The Clumsy Stormtrooper
Teachers College draws students from all around the globe, but Jonathan Bresman may be the first who comes to us via the desert planet of Tattooine. OK, he may not literally be Luke Skywalker's best friend, but you can see him playing, as he puts it, "the world's clumsiest stormtrooper" in remastered versions of The Empire Strikes Back -- just one of the wild turns his life has taken.
Teachers College draws students from all around the globe, but Jonathan Bresman may be the first who comes to us via the desert planet of Tattooine. OK, he may not literally be Luke Skywalker's best friend, but you can see him playing, as he puts it, "the world's clumsiest stormtrooper" in remastered versions of The Empire Strikes Back -- just one of the wild turns his life has taken.Case in point: Bresman now splits his time between Teachers College and the editorial offices of MAD Magazine, where he is the Senior Editor in charge of developing new talent. A rubber chicken hangs from a ceiling tile outside his office door. His Star Wars moment came from a previous job as a conceptual researcher at Lucasfilm, George Lucas's personal production company, and he's returned to that experience as editor of a new book: MAD About Star Wars: Thirty Years of Classic Parodies (Random House, 2007)What does someone who works under the watchful gaze of Alfred E. Neuman gain from Teachers College? When he was at Lucasfilm, he taught a class on designing for sci-fi films to students, explaining to them in-depth how George Lucas's fictional universe worked. "I realized that, in order to teach these kids science fiction, we were also teaching them things like anatomy and physics. I found that intensely rewarding and started thinking -'Maybe there's something to entertainment and education after all.'"He left the West Coast to enroll at TC in the Communication and Education Program, starting his job with MAD when he got here. Most of his work has been about how the brain processes comics and how that relates to education.To Bresman, comics have tremendous, largely untapped, potential as educational resources: "People have a verbal track and a visual track in their brains. If you can use them at the same time, you get a lot more benefits. Comics force you to sequence images into a story, to constantly push yourself forward. You can't sit there and passively take it in like you can with a movie."His dual roles, working in the industry he's analyzing, have served him well. "I know all these artists and editors who are doing the very things we're talking about. Want to see someone who plays with the concept of time and space well? I know that guy. Want to focus on the switch from wakefulness to a dream state? I know someone who's great at that."In return, he says, the things he's learned at TC under professors such as Barbara Tversky, Charles Kinzer and John Black help him at MAD. "Knowing the academic research that's been done about how people synthesize words and pictures make me appreciate what I see in the comic book world all the more, and it helps me spot when something isn't working and why. I don't deal with artists by saying, - 'well, the research shows this' - but it helps me on another level."Bresman hopes to eventually use this to create content that is both entertaining and educational in a well-integrated way. "A lot of 'edutainment' carries you along a story and then stops dead to say - 'And now here's some knowledge!' - like you have to either bore a kid or not educate them. It doesn't have to be like that. Look at how intensely kids study the taxonomies of Pokemon cards, we can tap into that energy."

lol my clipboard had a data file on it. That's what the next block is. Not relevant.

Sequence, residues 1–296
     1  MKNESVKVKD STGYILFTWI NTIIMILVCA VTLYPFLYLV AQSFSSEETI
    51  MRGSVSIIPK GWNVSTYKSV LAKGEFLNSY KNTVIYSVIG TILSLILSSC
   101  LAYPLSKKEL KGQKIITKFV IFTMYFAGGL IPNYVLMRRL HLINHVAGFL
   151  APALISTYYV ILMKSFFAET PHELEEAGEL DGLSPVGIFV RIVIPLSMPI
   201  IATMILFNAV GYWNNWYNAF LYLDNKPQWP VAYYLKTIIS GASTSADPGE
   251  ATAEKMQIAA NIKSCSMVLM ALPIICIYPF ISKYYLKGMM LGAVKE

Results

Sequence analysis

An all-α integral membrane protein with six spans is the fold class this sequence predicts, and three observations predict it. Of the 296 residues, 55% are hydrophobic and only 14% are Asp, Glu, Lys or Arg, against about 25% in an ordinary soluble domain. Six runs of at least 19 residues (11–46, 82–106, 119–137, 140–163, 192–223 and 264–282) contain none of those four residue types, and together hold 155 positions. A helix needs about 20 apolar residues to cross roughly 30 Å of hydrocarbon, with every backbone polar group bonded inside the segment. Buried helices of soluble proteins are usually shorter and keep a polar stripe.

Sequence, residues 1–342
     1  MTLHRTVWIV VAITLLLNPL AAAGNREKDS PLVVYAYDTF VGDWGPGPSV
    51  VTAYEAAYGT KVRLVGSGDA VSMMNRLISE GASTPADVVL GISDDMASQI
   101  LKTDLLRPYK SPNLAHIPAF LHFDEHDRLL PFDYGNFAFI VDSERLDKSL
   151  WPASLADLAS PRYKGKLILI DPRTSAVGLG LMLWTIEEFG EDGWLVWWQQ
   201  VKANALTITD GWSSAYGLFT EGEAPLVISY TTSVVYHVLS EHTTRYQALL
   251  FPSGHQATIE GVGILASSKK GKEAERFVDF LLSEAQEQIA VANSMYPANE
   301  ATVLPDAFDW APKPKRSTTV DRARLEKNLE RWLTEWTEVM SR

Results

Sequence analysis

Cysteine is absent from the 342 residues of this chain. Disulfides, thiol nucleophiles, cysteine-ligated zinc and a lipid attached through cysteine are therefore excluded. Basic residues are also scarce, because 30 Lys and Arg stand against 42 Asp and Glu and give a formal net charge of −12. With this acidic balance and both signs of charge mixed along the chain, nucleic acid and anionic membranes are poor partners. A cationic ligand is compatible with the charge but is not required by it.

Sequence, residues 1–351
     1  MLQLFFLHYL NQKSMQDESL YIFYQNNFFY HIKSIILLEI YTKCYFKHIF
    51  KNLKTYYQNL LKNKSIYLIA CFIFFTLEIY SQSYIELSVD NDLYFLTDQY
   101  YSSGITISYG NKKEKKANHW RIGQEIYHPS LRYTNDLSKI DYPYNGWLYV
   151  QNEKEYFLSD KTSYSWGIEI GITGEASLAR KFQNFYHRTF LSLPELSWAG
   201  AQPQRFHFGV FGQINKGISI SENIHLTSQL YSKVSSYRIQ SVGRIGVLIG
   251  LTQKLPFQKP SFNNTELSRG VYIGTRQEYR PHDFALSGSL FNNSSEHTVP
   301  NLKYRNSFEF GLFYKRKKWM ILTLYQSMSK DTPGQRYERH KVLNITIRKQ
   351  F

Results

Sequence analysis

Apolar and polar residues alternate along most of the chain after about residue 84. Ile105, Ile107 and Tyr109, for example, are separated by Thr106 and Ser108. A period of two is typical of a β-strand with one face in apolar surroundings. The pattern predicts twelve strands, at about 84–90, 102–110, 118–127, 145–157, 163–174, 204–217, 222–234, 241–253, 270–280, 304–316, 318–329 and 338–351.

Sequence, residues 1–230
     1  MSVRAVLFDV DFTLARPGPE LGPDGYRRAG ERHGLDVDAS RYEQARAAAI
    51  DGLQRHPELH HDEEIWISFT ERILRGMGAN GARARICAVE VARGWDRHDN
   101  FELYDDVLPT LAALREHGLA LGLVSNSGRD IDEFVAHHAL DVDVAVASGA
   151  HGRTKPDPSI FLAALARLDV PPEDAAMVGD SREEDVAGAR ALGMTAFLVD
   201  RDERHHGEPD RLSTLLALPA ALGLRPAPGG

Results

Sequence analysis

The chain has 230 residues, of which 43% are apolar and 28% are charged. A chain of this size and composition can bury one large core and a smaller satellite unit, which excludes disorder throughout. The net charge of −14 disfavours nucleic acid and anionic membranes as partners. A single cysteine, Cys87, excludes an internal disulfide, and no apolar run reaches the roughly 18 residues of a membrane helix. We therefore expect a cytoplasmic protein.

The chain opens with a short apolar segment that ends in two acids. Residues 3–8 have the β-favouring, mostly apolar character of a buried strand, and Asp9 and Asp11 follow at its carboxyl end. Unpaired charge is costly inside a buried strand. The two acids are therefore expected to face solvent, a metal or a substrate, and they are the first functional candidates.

Published Monday, Jan. 21, 2008